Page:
By Mohammad Mazhari

There’s lack of trust in Vienna talks: American foreign policy expert

April 23, 2021 - 11:20

TEHRAN - Barbara Slavin, an American foreign policy expert, is of the opinion that there is a lack of trust between Iran and the U.S., which makes it a must to design a roadmap to restore the nuclear deal.

Iran has been negotiating with five powers that remain in the agreement – France, Germany, Britain, Russia, and China- in Vienna over the past two weeks.

An American delegation also has been in Vienna but not talking directly to the Iranian team.

"I think there is a lack of trust and a need for a mutual roadmap to compliance necessary for both sides," Slavin tells the Tehran Times.

Many pundits and politicians inside America criticize President Biden's hesitation in taking the first step to revitalize the Joint Comprehensive Plan of Action (JCPOA), the official name for the 2015 nuclear deal.

Speaking on March 31 on a webinar hosted by the National Iranian American Council, U.S. Senator Chris Murphy and Rep. Ro Khanna, both Democrats, addressed the stalemate between the U.S. and Iran regarding the return to the 2015 nuclear agreement and urged the administration to be open and willing to take early steps back into the deal.

Nevertheless, Iran's Deputy Foreign Minister Abbas Araqchi has said the Vienna talks have entered a new phase, adding that Iran has proposed a draft agreement that could be a basis for revitalizing the multilateral agreement.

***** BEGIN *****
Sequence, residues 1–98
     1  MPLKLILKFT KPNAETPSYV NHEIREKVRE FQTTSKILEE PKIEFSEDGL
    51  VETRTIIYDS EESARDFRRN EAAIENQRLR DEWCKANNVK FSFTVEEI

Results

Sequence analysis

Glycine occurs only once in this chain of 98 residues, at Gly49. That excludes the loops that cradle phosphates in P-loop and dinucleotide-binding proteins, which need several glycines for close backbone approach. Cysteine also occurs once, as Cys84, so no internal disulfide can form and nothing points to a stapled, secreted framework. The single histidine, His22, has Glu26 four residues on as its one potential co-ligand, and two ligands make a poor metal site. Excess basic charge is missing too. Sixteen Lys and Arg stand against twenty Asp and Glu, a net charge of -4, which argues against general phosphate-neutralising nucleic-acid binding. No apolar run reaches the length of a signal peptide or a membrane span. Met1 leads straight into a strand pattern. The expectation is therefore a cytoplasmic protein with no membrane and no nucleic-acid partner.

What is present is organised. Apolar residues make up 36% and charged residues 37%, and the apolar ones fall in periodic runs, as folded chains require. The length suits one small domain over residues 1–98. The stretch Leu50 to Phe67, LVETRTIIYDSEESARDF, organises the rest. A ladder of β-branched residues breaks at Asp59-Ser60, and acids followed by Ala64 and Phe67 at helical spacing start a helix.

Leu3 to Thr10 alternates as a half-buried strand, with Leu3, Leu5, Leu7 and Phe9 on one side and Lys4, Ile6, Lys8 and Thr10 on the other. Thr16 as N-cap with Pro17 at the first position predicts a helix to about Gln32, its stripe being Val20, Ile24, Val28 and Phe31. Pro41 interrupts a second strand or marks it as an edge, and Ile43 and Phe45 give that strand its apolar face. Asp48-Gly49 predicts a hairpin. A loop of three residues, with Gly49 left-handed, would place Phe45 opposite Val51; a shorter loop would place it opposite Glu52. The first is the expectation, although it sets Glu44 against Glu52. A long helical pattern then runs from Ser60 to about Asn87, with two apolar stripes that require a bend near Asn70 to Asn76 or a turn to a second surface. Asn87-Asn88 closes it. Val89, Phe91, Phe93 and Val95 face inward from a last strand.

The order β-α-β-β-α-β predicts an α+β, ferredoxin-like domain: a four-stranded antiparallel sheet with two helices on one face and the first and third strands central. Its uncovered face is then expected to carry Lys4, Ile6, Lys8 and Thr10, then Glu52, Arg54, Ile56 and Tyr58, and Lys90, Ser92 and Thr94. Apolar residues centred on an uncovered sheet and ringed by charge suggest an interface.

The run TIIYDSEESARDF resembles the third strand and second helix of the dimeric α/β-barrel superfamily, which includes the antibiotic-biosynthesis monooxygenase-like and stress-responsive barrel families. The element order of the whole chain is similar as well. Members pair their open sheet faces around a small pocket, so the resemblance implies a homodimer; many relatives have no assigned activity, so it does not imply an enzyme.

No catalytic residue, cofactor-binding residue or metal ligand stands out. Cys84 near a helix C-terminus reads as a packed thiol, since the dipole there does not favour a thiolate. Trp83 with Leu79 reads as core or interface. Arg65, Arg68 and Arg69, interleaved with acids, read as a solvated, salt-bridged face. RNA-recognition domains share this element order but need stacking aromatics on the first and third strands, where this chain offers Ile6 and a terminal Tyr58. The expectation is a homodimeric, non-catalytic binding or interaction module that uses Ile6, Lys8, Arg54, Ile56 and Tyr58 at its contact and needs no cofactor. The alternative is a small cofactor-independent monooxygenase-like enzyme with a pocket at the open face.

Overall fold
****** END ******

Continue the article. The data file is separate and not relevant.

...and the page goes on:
While opponents of the Iran nuclear deal are skeptical of the result of negotiations, Slavin emphasizes that she is optimistic. "It sounds like steady progress is occurring even though things would be much faster if the U.S.-Iran talks were direct." 

Asked about the role of certain groups and politicians that oppose restoring the JCPOA, including Republicans and some Democrats in the Senate, Slavin, who is acting director of Future of Iran Initiative at the Atlantic Council's South Asia Center, notes that "they do not have the power to interfere. As long as we are talking about a return to the original deal, Congress can't stop the president from using his executive authority." 

Commenting on Israel’s Mossad sabotage operation in the Natanz nuclear facility, Slavin points out that "Israel wants to retain its monopoly as a possessor of nuclear weapons and will never let an adversary in the region get close to a bomb."

Ayatollah Ali Khamenei as Iran’s religious and political leader has issued a decree declaring production, stockpiling and use of weapons of mass destruction, including nuclear arms, as haram (religiously banned).  

Slavin also says Israeli Prime Minister Benjamin Netanyahu orders such sabotage acts for domestic consumption.  

"Bibi Netanyahu also has domestic political problems and he thinks these kinds of actions make him look tough," she adds.

Given Stuxnet experience, many political figures in Iran believe that Israel and U.S. administration are accomplices in targeting Iran's nuclear facilities.

In an interview with the Tehran Times, Fereydoun Abbasi Davani, the head of the Parliament Energy Committee, said that the U.S. and UK are accomplices in the nuclear sabotage at the Natanz site because their intelligence services helped the Israeli regime to conduct such act.

Questioning the idea, Slavin says that "despite the U.S. and Israel collaborated on Stuxnet, the subsequent sabotage and assassinations are by Israel alone." 
 
 

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